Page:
“He was so proud in his car,” Marianne let slip a smile. “He put in a fantastic sound system for all his cassettes.”
“You just can’t hide these American characteristics no matter how continental you fancy yourself,” Ben said.
“It was an Opel sedan he had bought from someone we both knew from a café where I worked. A mutual friend arranged it.”
The couple were marginally better off financially than many of their peers in the old Cologne neighborhood, but with their friends they were like anyone else. They were Marianne and Julius. Footballers were not the ridiculous rock stars they’ve become today. They were, to Marianne Papineau and to most Germans, men with jobs that were respectable and that provided an important outlet for people in the society. Maybe that sounds too philosophical, too socialist, but that’s how it was before 1990. From Marianne’s perspective and from that of people in her circle, professional athletes such as footballers were comparable to people who were actors in the theatre or musicians in an orchestra. We like them. We admire them if they’re good and honest and hard working, or if they have a special quality that appeals to us. But they’re not gods. The attention paid to them was not skewed out of proportion as it is now.
“Today it makes me laugh or else it makes me sick,” Marianne confided. “David Beckham? Are you kidding me? Why does anyone care? You’re going to have to explain that one to me sometime.”
“When did you feel that things began slipping away?”
“The first date.”
“I could point to dozens of possibilities,” she said. “But probably around the time when we could only travel alone in the summers and at the holidays.
“Julius’ team, starting around 1985, I think, began playing all over Europe in one of those cups. So, often I would arrange to meet him in not only the wonderful, romantic cities but also the strange and mysterious and dark and volatile and out-of-the way hornet’s nests like Tatabanya and Craiova and Tirana and …”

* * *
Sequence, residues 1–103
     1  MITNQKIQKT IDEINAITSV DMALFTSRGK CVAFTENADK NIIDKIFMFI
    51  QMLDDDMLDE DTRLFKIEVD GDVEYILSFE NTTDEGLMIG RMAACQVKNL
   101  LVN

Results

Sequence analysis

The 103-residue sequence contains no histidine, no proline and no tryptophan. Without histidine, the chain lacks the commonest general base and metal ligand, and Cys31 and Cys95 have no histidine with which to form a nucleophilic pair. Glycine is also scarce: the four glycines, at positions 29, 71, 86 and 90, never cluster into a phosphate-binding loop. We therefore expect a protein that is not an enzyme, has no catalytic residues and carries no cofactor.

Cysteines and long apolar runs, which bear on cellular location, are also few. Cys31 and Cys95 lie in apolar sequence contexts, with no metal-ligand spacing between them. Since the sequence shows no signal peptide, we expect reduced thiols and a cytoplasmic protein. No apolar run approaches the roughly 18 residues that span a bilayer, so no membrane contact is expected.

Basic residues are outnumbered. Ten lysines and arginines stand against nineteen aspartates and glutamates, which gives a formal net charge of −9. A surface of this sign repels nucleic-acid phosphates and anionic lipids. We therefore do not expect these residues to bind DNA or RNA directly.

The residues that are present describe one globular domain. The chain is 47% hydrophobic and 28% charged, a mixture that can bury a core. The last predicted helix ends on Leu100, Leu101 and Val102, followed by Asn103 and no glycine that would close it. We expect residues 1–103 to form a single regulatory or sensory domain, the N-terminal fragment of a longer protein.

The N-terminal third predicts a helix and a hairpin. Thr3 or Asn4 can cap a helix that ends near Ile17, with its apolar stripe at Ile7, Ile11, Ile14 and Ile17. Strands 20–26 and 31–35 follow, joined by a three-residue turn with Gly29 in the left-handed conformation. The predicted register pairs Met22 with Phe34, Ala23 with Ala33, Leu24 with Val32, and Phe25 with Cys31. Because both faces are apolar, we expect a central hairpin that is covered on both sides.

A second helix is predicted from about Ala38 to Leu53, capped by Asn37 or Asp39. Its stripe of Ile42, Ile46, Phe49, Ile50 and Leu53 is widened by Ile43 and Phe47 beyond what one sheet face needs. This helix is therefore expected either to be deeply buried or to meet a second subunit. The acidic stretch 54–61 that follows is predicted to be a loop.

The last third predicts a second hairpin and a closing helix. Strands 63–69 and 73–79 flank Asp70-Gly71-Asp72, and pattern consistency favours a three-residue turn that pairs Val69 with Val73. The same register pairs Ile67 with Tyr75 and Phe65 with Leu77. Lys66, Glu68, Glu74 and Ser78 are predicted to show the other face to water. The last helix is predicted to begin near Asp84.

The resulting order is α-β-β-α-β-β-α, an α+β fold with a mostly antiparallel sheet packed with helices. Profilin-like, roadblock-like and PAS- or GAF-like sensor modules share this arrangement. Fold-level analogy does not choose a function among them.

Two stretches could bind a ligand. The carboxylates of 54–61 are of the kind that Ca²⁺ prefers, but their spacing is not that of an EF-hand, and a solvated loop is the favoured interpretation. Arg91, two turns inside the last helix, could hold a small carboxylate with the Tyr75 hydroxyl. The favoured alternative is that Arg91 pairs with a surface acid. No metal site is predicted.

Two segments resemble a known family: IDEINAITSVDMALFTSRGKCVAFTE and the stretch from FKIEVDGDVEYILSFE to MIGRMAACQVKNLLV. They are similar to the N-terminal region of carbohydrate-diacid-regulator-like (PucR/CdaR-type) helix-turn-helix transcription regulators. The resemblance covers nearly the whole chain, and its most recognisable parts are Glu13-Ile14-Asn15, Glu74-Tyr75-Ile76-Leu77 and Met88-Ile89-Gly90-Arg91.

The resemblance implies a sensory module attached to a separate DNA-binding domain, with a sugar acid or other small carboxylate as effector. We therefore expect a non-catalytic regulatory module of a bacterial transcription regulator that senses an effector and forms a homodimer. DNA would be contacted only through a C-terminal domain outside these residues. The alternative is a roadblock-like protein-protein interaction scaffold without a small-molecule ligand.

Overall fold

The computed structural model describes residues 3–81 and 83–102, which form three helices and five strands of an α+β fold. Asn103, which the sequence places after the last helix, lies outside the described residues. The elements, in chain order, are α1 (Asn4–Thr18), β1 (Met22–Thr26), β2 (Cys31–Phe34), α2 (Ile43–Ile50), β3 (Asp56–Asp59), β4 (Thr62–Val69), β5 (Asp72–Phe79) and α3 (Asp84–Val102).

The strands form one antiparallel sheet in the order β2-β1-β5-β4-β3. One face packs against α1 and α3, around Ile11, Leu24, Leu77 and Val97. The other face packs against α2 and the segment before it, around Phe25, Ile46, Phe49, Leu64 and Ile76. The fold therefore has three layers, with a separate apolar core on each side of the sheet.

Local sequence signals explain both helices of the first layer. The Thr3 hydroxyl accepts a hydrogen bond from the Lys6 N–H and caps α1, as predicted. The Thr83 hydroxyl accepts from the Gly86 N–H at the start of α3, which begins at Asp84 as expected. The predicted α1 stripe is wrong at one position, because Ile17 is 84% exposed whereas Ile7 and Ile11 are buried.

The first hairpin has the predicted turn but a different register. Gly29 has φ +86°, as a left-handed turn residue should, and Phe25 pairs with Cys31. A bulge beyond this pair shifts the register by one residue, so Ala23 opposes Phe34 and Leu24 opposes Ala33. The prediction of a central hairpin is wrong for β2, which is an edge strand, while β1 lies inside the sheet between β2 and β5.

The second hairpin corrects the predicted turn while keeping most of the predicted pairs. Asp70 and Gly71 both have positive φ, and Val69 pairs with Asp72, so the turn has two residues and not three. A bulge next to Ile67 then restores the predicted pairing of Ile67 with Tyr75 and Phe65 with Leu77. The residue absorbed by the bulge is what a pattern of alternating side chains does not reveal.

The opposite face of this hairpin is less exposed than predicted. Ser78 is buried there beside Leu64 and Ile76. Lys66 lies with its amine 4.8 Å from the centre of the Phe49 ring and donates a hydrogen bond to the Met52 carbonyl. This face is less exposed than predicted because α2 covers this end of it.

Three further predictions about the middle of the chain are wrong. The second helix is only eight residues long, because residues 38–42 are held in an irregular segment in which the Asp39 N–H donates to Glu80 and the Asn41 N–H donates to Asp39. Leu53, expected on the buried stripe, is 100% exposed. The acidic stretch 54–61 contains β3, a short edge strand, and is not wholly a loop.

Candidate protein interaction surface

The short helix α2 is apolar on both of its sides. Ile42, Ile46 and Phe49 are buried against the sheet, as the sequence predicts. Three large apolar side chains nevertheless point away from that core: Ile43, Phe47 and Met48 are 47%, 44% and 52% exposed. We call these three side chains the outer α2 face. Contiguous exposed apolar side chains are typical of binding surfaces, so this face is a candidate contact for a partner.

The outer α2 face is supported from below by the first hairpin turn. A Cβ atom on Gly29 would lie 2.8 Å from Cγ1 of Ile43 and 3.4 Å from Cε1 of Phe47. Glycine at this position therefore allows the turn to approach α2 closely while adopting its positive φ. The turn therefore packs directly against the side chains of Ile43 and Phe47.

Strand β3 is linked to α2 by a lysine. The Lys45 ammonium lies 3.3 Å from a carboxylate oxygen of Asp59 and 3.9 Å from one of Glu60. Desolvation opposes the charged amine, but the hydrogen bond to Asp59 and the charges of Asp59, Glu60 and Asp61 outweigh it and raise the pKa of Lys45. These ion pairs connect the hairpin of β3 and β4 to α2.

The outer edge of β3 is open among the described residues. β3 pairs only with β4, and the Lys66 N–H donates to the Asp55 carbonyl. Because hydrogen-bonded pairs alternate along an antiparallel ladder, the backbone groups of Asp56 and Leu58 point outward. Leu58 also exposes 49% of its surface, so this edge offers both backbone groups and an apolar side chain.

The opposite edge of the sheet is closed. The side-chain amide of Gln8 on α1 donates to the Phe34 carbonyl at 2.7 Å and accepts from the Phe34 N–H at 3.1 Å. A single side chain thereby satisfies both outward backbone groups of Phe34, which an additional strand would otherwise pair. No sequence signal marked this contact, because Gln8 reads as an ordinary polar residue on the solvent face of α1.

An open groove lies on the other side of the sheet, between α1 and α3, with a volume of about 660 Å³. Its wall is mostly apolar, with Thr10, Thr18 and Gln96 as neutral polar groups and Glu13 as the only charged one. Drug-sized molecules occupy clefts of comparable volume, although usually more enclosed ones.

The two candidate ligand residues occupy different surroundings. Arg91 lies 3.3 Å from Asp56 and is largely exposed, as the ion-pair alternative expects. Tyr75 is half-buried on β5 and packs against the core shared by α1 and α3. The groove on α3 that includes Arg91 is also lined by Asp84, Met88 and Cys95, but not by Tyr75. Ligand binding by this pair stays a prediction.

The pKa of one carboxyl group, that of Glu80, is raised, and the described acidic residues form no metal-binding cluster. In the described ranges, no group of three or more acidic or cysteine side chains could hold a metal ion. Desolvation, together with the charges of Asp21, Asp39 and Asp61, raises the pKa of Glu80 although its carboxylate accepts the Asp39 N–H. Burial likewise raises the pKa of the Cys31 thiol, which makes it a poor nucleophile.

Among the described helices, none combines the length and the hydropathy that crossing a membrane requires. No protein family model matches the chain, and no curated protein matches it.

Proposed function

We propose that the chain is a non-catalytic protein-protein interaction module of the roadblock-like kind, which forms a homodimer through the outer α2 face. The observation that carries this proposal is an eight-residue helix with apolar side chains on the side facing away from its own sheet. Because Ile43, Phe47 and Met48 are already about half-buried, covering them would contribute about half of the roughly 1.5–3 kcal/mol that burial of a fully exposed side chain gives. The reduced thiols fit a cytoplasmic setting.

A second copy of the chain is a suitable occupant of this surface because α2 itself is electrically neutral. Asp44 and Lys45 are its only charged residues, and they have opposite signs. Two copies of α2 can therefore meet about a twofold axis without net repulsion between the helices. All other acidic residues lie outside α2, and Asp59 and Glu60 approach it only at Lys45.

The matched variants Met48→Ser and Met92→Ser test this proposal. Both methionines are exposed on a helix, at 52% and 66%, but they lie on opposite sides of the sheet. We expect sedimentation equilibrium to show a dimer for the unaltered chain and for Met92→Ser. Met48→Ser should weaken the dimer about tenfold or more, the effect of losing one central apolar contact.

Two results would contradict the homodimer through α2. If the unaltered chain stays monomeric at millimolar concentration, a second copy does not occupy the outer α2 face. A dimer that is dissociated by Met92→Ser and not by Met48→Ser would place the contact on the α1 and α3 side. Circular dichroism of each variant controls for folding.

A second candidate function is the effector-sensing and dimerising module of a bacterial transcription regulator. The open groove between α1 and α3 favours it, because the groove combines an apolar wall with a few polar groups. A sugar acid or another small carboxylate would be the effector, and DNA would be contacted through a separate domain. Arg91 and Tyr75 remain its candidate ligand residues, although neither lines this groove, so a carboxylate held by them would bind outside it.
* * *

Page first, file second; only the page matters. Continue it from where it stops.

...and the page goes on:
“But, you know, ‘Behind the Iron Curtain’ had a true meaning, almost like a different planet. Any drawings I made from some of those places were never happy images to regard. Not much came from any of those trips sculpturally. I really just wanted more time with Julius, to talk, to watch him step out of the shower, to hear him sing along with the radio, to laugh at the things he said, to rub his legs and to have him ravage me.”
The novelist and the sculptor both looked weary.
“The relationship ended. That’s all. I wanted so badly not to speak to him or see him, but the baby was ours together. So I had to immediately get over my selfishness and pain. Julius seemed brokenhearted. I moved back to Paris with Isabel. Julius’ team were winning every week. We were selfish. I was selfish. So was he. I don’t know what he’s told you.”
Ben glanced away then reconnected his gaze on Marianne before she spoke.
“What has he told you?”